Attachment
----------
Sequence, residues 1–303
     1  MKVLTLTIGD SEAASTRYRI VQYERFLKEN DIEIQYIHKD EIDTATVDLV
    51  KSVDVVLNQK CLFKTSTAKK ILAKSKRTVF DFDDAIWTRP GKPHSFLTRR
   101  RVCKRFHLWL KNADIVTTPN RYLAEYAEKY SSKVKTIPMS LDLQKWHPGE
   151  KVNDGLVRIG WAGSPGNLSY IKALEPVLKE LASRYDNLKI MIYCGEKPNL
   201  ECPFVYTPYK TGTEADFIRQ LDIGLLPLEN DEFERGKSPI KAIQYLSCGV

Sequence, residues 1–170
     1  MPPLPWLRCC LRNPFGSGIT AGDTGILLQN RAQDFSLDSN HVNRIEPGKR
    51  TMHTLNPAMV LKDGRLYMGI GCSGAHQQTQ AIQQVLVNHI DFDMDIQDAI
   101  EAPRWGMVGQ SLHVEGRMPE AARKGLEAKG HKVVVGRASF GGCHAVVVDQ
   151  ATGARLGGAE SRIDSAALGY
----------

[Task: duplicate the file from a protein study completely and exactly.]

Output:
Sequence, residues 1–303
     1  MKVLTLTIGD SEAASTRYRI VQYERFLKEN DIEIQYIHKD EIDTATVDLV
    51  KSVDVVLNQK CLFKTSTAKK ILAKSKRTVF DFDDAIWTRP GKPHSFLTRR
   101  RVCKRFHLWL KNADIVTTPN RYLAEYAEKY SSKVKTIPMS LDLQKWHPGE
   151  KVNDGLVRIG WAGSPGNLSY IKALEPVLKE LASRYDNLKI MIYCGEKPNL
   201  ECPFVYTPYK TGTEADFIRQ LDIGLLPLEN DEFERGKSPI KAIQYLSCGV

Sequence, residues 1–170
     1  MPPLPWLRCC LRNPFGSGIT AGDTGILLQN RAQDFSLDSN HVNRIEPGKR
    51  TMHTLNPAMV LKDGRLYMGI GCSGAHQQTQ AIQQVLVNHI DFDMDIQDAI
   101  EAPRWGMVGQ SLHVEGRMPE AARKGLEAKG HKVVVGRASF GGCHAVVVDQ
   151  ATGARLGGAE SRIDSAALGY